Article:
I know that it seems like I hated this book, but I didn’t; I just had really high expectations from Lord’s previous work. The Galaxy Game has beautiful prose and fascinating ideas. It would have been great as either a 600 page book or a novella with a lot of the subplots cut out. I’m still anticipating Lord’s next book eagerly, though – I hope it is a return to her previous form.

The Galaxy Game by Karen Lord
Del Rey, 2015 | Buy the book
I received a complimentary review copy of this book.

“Vicious” by V.E. Schwab

viciousVicious follows Victor and Eli, who were best friends in college until their experiments to gain superpowers went horribly right. With Victor no longer in prison, neither of them will rest until the other has been utterly destroyed.

This is one of those books that’s almost a screenplay – I could see the movie playing in my head. It has short chapters (sometimes only a couple of pages) and is fast-paced, but it still focuses a lot on character by alternating flashbacks with the present-day story. The build-up to the final confrontation is extremely well-done – it almost gets too excruciating to wait any longer, and then everything happens very quickly.

Victor and Eli are fascinating characters, they both have something missing inside them, and that’s what drew them to each other in the first place. They learn to cope with that hole inside them in very different ways, although both are definitely supervillain material. Their sidekicks – Serena, Sydney, and Mitch, are complex in their own right – Serena’s crippling isolation with her power of persuasion is particularly poignant.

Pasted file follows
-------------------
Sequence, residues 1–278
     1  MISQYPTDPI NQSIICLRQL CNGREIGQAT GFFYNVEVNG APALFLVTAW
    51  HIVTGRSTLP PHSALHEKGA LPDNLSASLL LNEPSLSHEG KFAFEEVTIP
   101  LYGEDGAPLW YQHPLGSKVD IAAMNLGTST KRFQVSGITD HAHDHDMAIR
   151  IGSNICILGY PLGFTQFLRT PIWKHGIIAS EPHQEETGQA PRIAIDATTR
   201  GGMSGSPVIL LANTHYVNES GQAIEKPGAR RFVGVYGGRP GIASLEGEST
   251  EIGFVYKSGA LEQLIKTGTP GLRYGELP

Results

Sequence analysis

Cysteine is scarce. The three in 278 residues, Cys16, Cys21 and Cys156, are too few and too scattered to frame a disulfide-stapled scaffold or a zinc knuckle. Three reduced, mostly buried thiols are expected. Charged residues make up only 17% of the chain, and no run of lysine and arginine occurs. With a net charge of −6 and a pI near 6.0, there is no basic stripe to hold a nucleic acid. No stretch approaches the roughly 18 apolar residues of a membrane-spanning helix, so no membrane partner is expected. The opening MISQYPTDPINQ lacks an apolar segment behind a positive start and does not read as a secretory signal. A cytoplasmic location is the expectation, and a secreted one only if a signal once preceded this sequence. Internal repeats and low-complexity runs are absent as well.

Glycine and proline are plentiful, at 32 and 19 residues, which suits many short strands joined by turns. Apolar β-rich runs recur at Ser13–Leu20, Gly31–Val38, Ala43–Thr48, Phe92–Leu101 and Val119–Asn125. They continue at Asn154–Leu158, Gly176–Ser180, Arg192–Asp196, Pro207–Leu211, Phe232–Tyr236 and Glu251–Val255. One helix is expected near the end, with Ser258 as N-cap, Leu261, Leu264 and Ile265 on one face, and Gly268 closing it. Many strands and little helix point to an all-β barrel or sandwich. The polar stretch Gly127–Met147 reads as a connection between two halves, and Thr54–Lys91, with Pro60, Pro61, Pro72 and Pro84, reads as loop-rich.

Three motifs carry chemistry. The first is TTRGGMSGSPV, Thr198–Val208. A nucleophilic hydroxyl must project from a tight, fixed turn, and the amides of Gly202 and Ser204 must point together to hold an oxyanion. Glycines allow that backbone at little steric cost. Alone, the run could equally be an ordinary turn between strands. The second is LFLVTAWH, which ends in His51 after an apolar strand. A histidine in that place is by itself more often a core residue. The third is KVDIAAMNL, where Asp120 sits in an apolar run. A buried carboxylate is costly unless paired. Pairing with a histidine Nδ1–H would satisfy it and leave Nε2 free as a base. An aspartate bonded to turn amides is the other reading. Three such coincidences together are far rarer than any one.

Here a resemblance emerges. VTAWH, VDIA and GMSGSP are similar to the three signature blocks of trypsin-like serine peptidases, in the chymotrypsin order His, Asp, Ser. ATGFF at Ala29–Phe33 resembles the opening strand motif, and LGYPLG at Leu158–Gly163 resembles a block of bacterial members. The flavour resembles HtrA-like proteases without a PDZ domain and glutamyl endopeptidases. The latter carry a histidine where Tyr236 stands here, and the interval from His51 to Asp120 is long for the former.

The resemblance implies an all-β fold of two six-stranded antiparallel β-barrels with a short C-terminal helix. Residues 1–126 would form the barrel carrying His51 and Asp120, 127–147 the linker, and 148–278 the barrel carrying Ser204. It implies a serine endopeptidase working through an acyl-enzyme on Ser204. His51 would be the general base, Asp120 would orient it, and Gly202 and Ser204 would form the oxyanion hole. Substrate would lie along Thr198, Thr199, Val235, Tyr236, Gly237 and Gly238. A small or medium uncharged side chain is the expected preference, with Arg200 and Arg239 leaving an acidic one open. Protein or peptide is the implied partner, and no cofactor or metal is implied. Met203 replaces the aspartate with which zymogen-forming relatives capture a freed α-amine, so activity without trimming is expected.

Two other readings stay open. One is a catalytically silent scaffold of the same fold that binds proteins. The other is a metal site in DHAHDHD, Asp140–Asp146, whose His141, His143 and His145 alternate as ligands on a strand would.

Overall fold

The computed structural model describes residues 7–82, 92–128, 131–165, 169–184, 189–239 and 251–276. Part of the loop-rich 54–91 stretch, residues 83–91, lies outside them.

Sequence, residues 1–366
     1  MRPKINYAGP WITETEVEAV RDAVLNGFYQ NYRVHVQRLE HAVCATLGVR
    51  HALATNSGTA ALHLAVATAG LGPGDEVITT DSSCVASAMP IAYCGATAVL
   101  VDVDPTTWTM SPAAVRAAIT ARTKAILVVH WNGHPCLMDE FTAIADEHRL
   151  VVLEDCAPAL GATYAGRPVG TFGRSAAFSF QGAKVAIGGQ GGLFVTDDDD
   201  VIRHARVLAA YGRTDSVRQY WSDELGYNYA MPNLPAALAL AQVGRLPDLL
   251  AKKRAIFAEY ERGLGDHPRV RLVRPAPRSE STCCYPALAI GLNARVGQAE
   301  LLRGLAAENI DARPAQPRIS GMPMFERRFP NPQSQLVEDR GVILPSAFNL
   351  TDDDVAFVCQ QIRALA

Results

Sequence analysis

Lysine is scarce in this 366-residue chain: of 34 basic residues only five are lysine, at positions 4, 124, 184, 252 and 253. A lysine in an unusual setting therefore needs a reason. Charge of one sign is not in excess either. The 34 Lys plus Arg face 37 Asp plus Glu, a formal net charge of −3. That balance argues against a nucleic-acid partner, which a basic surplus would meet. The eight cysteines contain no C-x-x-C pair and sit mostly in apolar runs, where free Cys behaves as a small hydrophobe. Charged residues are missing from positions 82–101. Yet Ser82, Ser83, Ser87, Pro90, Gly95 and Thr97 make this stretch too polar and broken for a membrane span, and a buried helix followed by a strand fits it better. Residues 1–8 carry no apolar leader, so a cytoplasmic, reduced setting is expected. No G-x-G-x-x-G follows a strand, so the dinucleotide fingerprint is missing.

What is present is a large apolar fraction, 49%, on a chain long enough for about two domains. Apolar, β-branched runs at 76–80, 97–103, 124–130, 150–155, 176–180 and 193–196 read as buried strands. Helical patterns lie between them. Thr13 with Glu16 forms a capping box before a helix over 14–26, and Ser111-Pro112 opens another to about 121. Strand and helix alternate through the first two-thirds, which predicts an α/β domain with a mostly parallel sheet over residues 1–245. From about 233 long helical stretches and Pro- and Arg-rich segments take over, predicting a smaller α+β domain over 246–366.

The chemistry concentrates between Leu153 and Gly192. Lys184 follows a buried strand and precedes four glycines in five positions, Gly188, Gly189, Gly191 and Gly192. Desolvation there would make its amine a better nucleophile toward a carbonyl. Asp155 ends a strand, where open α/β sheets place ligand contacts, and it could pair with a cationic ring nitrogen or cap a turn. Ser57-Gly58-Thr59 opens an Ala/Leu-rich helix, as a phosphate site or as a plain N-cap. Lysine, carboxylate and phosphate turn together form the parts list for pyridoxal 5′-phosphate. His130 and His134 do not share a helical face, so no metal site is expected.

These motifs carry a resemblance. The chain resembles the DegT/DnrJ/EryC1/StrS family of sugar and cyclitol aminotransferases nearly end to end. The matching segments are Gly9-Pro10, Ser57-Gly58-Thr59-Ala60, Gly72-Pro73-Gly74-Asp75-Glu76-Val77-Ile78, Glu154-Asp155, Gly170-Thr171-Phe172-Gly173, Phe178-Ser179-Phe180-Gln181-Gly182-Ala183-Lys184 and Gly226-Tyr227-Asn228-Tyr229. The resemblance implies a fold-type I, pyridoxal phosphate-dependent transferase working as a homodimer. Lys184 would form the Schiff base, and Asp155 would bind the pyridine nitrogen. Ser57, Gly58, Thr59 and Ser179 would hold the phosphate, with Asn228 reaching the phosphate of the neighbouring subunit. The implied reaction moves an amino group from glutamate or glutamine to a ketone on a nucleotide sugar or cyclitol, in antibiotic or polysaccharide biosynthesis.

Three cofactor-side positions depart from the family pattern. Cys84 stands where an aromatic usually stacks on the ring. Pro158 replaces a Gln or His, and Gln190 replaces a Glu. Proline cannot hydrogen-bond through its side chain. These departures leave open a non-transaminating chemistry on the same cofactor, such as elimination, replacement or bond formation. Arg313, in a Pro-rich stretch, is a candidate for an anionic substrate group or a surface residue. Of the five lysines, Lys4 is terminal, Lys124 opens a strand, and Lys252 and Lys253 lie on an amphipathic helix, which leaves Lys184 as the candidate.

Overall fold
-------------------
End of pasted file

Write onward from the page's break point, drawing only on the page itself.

There was a lot of talk of gaining superpowers leaving people with a moral/spiritual hole inside themselves.  It reminded me a little of Brandon Sanderson’s Steelheart universe, where superpowers also make you entirely selfish, so there are no superheroes – only supervillains. But most of this was perpetuated by Victor, Eli, and Serena, who all seemed to be pretty screwed up people even before they gained powers. Sydney certainly didn’t seem to have anything missing (and Serena even remarks on that at one point), and neither did any of the other superpowered people we met. I guess the ambiguity might make what Eli’s doing a bit more sympathetic, except he’s acting without any evidence, so it doesn’t.

I did like the fact that Victor wasn’t exactly a good person, but I wished that the book had pushed the envelope a bit farther – by the end, we know exactly who we’re rooting for – Victor might be a sociopath, but he’s remarkably well-attuned to society. It’s still a great book, though, in the Watchmen style of “who we think of as superheroes are usually badly-adjusted and obsessive people”. Someone please go make a movie out of it now.